Days of Protest Makes a Splash
Despite uniquely Southern Californian inclement weather, the Kaiser “Days of Protest” in December involved over a thousand Registered Nurses (RNs), Nurse Practitioners (NPs), Physician Assistants (PAs), Optometrists (ODs) and other supporters, who picketed Kaiser facilities to protest cuts to patient care that will result from Kaiser eliminating 175 UNAC/UHCP health care positions. Picketing took place in the heat at Kaiser South Bay, in the pouring rain at Kaiser Riverside, in the freezing cold at Kaiser Ontario Vineyard and again in the pouring rain at Kaiser Fontana.
Despite Kaiser’s own projections that have them earning $735 million this year, Kaiser claims these cuts are necessary to avoid raising rates on members.
“Kaiser is a very profitable corporation. There is absolutely no financial justification for them to cut patient care or raise rates on families in Southern California,” said Ken Deitz, RN, President of UNAC/UHCP.
“We’re already sometimes out of ratio on this floor, which should be no more than four patients per nurse,” said Javier Rodriguez, an RN in the Emergency Department and the Medical-Surgical and Oncology units at Kaiser South Bay. “Now the staff is being thinned out even more. Ultimately it’s the patients who suffer.”
“The effect of these cuts on patient care will be dramatic,” said Jacque Bowman, RN in Pediatrics at Kaiser Fontana. “When units are short-staffed, with not enough nurses to meet safe nurse-to-patient ratios, our nurses fill out staffing objection forms. In some units at Fontana I’ve seen hundreds of staffing objection forms every month. So how can they safely cut nurses?”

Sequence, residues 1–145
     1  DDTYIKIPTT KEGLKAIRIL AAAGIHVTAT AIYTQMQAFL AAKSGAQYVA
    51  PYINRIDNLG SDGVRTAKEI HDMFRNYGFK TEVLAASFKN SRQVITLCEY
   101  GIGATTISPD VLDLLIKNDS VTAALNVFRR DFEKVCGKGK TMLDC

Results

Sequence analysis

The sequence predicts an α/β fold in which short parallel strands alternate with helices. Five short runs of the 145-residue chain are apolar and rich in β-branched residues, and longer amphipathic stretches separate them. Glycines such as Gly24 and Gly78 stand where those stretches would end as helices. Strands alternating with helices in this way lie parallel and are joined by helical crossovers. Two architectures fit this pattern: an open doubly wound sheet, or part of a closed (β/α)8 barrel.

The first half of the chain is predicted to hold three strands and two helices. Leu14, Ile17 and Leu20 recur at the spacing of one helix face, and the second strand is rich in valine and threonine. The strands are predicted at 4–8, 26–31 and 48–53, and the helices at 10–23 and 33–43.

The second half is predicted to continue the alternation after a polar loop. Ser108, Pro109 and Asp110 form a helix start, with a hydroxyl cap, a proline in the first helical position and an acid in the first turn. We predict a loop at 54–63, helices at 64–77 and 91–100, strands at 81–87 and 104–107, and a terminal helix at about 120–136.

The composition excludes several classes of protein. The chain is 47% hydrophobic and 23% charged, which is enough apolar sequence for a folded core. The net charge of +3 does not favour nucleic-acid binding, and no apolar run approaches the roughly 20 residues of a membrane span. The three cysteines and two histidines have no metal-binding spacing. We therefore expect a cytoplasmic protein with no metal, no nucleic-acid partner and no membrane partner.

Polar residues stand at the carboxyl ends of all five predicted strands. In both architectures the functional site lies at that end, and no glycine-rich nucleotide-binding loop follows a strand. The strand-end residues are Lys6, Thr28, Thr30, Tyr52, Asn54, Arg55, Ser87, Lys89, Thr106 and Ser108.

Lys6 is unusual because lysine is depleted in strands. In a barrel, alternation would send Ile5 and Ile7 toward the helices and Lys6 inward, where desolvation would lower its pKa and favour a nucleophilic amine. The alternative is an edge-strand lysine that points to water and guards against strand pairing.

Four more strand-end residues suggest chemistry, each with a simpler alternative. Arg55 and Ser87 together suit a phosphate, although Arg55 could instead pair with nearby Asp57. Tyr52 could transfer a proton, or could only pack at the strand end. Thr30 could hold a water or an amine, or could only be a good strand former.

“Riverside residents can expect three-hour wait times in the ER now, because of these cuts,” said Dana Amaral, a Registered Nurse in the Kaiser Riverside Emergency Department. “They cut five Physician Assistants from our ER. Plus, they’re shutting down a whole wing, 3 West, which means ER patients who are being admitted to the hospital won’t have beds. That will back up the ER even more. And they’ve picked the very worst time of year to do this, flu season—our busiest time of the year.”
“We don’t have enough staff now to take care of our patients,” said Paula Marshall, RN at Ontario Vineyard. “What will it be like six months from now? Urgent Care will now close at 7 PM instead of 9 PM. Those patients will have to go to the ER or go all the way to Fontana. That means longer wait times for everyone in the ER. Urgent Care used to be open on weekends. Now it won’t be.”